Mercedes-maker Daimler paying over $2 billion to settle US diesel issues

While it adds to Daimler's financial headwinds triggered by the Covid-19 pandemic, it still pales in comparison to the over $30 billion that larger-sc
...
File photo used for representational purpose. (Bloomberg)
File photo used for representational purpose.

Daimler AG will pay more than $2 billion to settle US diesel-emissions issues in the latest fallout from years of closer regulatory scrutiny on vehicle pollution.

An agreement in principle with authorities including the US Justice Department and Environmental Protection Agency will cost the German automaker roughly 1.27 billion euros ($1.5 billion), according to a statement. The Stuttgart-based company will pay another 592 million euros to settle class-action litigation brought by consumers.

Also check these Cars

Find more Cars
Mercedes-benz Eqe (HT Auto photo)
BatteryCapacity Icon90.56 kWh Range Icon550 Km
₹ 1.39 Cr
Compare
Mercedes-benz Gls (HT Auto photo)
Engine Icon2999 cc FuelType IconMultiple
₹ 1.32 - 1.37 Cr
Compare
View Offers
Mercedes-benz Eqa (HT Auto photo)
UPCOMING
BatteryCapacity Icon66.5 kWh Range Icon426 Km
₹ 60 Lakhs
View Details
Mercedes-benz Eqs (HT Auto photo)
BatteryCapacity Icon107.8 kwh Range Icon580 km
₹ 1.55 Cr
Compare
Mercedes-benz Gla (HT Auto photo)
Engine Icon1950 cc FuelType IconMultiple
₹ 50.50 - 56.90 Lakhs
Compare
View Offers
Mercedes-benz Glb 2024 (HT Auto photo)
UPCOMING
Engine Icon1332 cc FuelType IconPetrol
₹ 65 Lakhs
View Details

The pacts resolve issues that arose when US regulators stepped up their examination of diesel emissions after Volkswagen AG’s cheating scandal emerged in 2015. The Justice Department asked Daimler to investigate its vehicle-certification process the following year.

Although the expenses add to Daimler’s financial headwinds triggered by the Covid-19 pandemic, the amounts are minor compared with the larger-scale emissions violations that have cost VW more than 30 billion euros. Daimler says it fully cooperated with US authorities, whereas VW officials lied to EPA and California regulators before admitting the company created devices to defeat emissions tests.

Daimler’s issues also involve fewer vehicles. Its agreement with US authorities covers civil and environmental claims related to the emission-control systems of about 250,000 cars and vans. VW admitted in 2015 to rigging as many as 11 million diesel engines worldwide, including roughly 600,000 in the US.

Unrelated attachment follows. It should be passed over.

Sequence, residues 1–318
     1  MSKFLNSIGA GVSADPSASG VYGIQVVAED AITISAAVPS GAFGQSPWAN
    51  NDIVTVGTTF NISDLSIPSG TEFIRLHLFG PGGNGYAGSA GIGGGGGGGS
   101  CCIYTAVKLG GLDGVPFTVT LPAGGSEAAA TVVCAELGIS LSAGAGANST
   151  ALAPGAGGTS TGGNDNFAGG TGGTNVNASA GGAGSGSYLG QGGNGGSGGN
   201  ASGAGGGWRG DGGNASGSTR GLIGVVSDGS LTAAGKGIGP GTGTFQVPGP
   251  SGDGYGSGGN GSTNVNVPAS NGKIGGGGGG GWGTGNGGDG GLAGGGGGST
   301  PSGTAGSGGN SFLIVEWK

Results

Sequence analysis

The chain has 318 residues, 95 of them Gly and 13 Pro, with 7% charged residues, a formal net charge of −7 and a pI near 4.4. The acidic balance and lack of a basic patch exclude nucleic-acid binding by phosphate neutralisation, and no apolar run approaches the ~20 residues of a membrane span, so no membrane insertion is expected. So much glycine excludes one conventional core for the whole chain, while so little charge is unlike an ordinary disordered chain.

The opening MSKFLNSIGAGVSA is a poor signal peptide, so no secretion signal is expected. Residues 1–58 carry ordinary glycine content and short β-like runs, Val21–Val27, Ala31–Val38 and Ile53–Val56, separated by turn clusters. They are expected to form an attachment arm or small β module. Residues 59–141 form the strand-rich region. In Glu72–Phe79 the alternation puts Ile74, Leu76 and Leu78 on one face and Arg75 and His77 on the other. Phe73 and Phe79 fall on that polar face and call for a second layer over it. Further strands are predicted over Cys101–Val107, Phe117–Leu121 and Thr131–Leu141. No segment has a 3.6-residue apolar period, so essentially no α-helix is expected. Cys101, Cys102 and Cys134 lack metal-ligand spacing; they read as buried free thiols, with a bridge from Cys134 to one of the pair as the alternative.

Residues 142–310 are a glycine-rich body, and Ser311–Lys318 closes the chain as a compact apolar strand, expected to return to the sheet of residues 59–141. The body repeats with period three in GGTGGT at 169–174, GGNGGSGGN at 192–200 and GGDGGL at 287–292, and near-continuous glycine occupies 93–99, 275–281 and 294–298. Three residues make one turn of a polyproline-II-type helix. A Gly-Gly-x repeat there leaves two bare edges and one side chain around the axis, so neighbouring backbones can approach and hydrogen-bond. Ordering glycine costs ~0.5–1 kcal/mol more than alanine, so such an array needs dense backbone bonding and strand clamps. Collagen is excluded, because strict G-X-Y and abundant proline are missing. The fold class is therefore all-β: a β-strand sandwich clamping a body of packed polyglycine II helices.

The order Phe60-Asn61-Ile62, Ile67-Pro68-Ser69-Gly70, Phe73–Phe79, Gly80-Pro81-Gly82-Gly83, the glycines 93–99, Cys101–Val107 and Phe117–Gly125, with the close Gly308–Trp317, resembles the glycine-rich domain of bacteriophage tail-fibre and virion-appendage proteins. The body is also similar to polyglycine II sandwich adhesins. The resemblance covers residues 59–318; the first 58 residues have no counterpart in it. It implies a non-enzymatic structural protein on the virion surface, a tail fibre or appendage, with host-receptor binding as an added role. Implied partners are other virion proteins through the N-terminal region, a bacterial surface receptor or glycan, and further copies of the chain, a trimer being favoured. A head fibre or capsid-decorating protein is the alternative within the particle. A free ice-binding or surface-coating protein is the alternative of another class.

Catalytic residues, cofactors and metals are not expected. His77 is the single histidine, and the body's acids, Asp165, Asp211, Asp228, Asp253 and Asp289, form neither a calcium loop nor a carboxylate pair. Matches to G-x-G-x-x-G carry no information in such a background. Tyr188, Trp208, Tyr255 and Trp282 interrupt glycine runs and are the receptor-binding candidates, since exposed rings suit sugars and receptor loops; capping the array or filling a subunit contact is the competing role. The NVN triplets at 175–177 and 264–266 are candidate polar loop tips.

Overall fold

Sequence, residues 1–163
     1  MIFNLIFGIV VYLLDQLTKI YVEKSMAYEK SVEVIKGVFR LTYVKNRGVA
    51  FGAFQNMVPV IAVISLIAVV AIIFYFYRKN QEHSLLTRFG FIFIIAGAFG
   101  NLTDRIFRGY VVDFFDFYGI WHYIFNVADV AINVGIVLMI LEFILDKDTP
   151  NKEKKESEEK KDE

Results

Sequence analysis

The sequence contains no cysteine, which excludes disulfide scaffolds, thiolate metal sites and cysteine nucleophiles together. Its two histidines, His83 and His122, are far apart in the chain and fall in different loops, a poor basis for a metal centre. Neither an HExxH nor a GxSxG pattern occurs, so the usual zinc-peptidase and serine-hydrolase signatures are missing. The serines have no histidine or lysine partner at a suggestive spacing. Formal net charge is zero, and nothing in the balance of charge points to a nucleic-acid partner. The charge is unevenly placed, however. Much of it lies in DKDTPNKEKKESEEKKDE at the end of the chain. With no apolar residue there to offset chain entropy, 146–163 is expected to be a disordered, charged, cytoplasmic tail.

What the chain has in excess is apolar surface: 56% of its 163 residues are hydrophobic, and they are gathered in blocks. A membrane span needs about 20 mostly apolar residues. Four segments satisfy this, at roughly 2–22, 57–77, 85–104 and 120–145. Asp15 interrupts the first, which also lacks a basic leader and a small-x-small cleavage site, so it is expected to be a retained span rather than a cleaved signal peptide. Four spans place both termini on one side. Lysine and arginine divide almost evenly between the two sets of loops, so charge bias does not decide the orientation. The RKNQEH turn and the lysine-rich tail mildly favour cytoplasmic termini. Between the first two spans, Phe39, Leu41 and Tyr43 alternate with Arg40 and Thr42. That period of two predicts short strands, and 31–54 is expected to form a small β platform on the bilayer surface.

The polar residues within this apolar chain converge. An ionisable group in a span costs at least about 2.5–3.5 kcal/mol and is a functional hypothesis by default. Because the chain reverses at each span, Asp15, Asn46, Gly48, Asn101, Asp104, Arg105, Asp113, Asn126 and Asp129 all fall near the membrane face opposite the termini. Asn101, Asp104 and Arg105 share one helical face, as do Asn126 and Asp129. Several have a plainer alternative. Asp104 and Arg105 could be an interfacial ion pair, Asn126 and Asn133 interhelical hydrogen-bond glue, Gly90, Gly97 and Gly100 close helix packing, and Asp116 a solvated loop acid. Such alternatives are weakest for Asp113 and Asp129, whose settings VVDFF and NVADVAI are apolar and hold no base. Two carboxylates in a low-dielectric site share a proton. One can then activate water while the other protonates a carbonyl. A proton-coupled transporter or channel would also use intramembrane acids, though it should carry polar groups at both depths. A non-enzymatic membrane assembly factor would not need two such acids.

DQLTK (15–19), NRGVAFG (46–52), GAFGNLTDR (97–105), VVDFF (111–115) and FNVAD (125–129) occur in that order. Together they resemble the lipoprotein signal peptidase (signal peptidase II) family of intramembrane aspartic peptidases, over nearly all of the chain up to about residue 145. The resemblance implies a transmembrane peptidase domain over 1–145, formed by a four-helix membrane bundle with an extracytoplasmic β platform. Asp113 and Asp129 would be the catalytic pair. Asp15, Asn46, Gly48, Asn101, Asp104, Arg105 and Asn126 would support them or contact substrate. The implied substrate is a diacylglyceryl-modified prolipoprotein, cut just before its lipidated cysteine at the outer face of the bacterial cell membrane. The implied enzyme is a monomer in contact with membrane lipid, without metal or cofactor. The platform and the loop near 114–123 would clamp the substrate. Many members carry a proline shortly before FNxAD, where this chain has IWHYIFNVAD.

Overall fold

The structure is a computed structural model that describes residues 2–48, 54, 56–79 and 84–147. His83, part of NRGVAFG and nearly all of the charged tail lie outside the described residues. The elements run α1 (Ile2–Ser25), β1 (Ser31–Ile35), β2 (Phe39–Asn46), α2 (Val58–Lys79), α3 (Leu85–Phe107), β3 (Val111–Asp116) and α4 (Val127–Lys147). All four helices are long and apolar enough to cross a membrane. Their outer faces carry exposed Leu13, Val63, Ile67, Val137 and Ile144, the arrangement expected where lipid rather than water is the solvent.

Emissions Issues

The auto industry is still far from out of the woods with US regulators.

Fiat Chrysler Automobiles NV recently disclosed that it had started discussions with the Justice Department’s criminal division to resolve an investigation of diesel-emissions issues. Ford Motor Co. also revealed last year that its emissions-certification process may have been flawed and that the Justice Department had opened a criminal investigation.

Electric-car maker Tesla Inc. has meanwhile posted a string of consecutive quarterly profits thanks in part to selling regulatory credits to carmakers that could not otherwise meet tougher pollution standards. The Model 3 maker’s market capitalization has soared past $300 billion, almost double VW, Daimler and Ford’s combined value.

Years of Impact

Daimler expects to incur hundreds of millions of euros in additional expenses related to fulfilling the requirements of its settlements and said the costs will impact its business for the next three years.

The company warned in its annual report published in February that German motor-industry watchdog KBA is likely to rule that additional vehicles are equipped with defeat devices. Daimler boosted provisions for legal and regulatory costs as a result.

In its statement, Daimler said it has made sufficient provisions for the cost of the US settlements. In the coming weeks, authorities will file consent decrees with a US district court for final approval.

A spokesperson for the California Air Resources Board, one of the authorities involved in the settlements, said the consent decree is expected to be filed in mid-September. Representatives for the Justice Department and EPA declined to comment.

First Published Date: 14 Aug 2020, 08:03 AM IST
NEXT ARTICLE BEGINS

Please provide your details to get Personalized Offers on

Choose city
+91 | Choose city
Choose city
Choose city

Want to get the best price for your existing car?

Powered by: Spinny Logo
By clicking "View Offers" you Agree to our Terms and Privacy Policy
Dear Name

Please verify your mobile number.

+91 | Choose city
Couldn't verify the OTP.
It's either expired or it's incorrect.